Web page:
Three different vegetables were cleansed under running tap water and excessive water was drained off. Tete (Amaranthus spp), soko (Celosia argentea) and odu (Solonum nodifiorum) of 1 kg each was chopped into small pieces and divided into four portions for blanching at (5 min, 10 min, 15 min and 20 min). Blanching was done by simmering the vegetables in boiling water in the ratio of 1 to 5 draining the sample and leaving it to cool at room temperature. They were also analyzed raw. All the raw and blanched samples were lyophilized and homogenized using a blender before being transferred into an air— tight container, and kept in the refrigerator prior analysis.

2.3. Extract Preparation

The ground samples were extracted with distilled water in the ratio of 1 to 10. The mixtures were placed in a different conical flask and agitated at 100 rpm with the aid of an orbital shaker. Then each mixture was filtered through a Whatman No. 4 filter paper to obtain a clear extract. Each extract was used for the analysis.

2.4. Determination of Antioxidant Content

Antioxidant content of the each sample was determined by the method of [8] using dye 2,6-dichloro phenol-indophenol(DCPIP). The blue dye was titrated against each extract solution until a fainted pink coloured persisted for 15 seconds. This indicated the end points of the titration.

2.5. Statistical Analysis

All determinations were triplicate and mean values and standard deviations were reported. Analysis of variance (ANOVA) was performed and the mean separation was done by Duncan multiple range test (p < 0.05) (XPSS Version 14).

3. Results and Discussion

3.1. Effect of Blanching Time on Antioxidant Contents

Table 1 showed the mean values of blanched vegetables (Tete, Soko, Odu) for 5 min as 56.7 ± 4.0, 67.7 ± 5.6 and 72.0 ± 6.7 respectively. Significant differences (p < 0.05) were observed within the values obtained for blanched vegetables with time. Besides temperature, time is one of the critical factors affecting the loss of antioxidant components during blanching. [9,10] reported that blanching for less than 1min would retain the high antioxidant activity in green leaves of sweet potatoes. [11] reported a decrease in total antioxidant components when vegetables juices were cooked at 102˚C for 10 min.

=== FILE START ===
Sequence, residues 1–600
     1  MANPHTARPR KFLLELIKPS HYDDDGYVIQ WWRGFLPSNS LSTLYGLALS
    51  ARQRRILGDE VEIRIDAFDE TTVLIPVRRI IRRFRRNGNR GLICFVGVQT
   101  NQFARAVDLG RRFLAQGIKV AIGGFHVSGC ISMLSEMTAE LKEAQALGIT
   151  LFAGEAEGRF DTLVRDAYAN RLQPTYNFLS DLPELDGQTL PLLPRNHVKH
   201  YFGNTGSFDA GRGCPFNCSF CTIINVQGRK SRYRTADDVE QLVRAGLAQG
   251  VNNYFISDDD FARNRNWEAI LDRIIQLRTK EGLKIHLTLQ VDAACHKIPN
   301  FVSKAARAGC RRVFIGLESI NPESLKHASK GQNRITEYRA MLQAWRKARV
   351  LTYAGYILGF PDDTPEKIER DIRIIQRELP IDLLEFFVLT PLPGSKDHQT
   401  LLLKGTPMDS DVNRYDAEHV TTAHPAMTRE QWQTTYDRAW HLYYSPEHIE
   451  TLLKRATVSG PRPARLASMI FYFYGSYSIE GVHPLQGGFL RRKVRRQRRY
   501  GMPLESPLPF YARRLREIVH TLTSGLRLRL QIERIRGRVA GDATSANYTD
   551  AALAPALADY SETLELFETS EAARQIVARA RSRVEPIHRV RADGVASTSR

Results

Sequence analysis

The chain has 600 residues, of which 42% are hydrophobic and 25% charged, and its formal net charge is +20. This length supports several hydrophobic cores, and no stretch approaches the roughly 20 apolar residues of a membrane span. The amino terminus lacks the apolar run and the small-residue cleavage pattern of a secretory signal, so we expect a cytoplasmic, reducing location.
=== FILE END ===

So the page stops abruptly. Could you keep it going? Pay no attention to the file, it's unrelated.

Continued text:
3.2. Antioxidant Contents of the Raw Vegetables

From Table 2 Odu had the highest antioxidant content followed by Soko and the least was found in Tete. It implied that raw vegetables were better than that of the blanched counterparts because they have higher antioxidant contents. Cooking practices, such as blanching, may greatly influence the loss of antioxidant components in leafy vegetables [6,12]. Spinach has been reported as one of the many vegetables rich in antioxidant components [13-15].

3.3. Effect of Blanching Time on Three Different Types of Vegetables

Figure 1 showed that odu had the highest antioxidant contents through out the blanching times. As the blanching time increased the antioxidant contents reduced. This observation agreed with the [4,5,7] reported that the antioxidant components reduced after blanching due to blanching time and temperature. In this study, spinach at 10 min leached out 49% - 51% of its antioxidant contents into boiling water. In addition, [14] reported that boiling of fresh—cut spinach for 10 min released 50% - 60% of its antioxidant components into the cooking water. Factors such as maturity and variety can also influence the anti-oxidant capacity of vegetables [16,17]. [4] have indicated that boiling processes at above 95˚C would decompose the antioxidant components of vegetables. Blanching up to 20 min affected the antioxidant components.

4. Conclusion

From the above investigation it can be concluded that higher blanching time and higher temperature affected

Table 1. Effect of blanching time on antioxidant contents of three vegetables.

Table 2. Antioxidant contents of the raw vegetables.

Figure 1. Effect of blanching on three different types of vegetables.

the antioxidant contents (Vitamin C) which was supposed to be derived from the vegetables as vitamin C supplement. Therefore 1 min of blanching time is recommended for blanching of vegetables.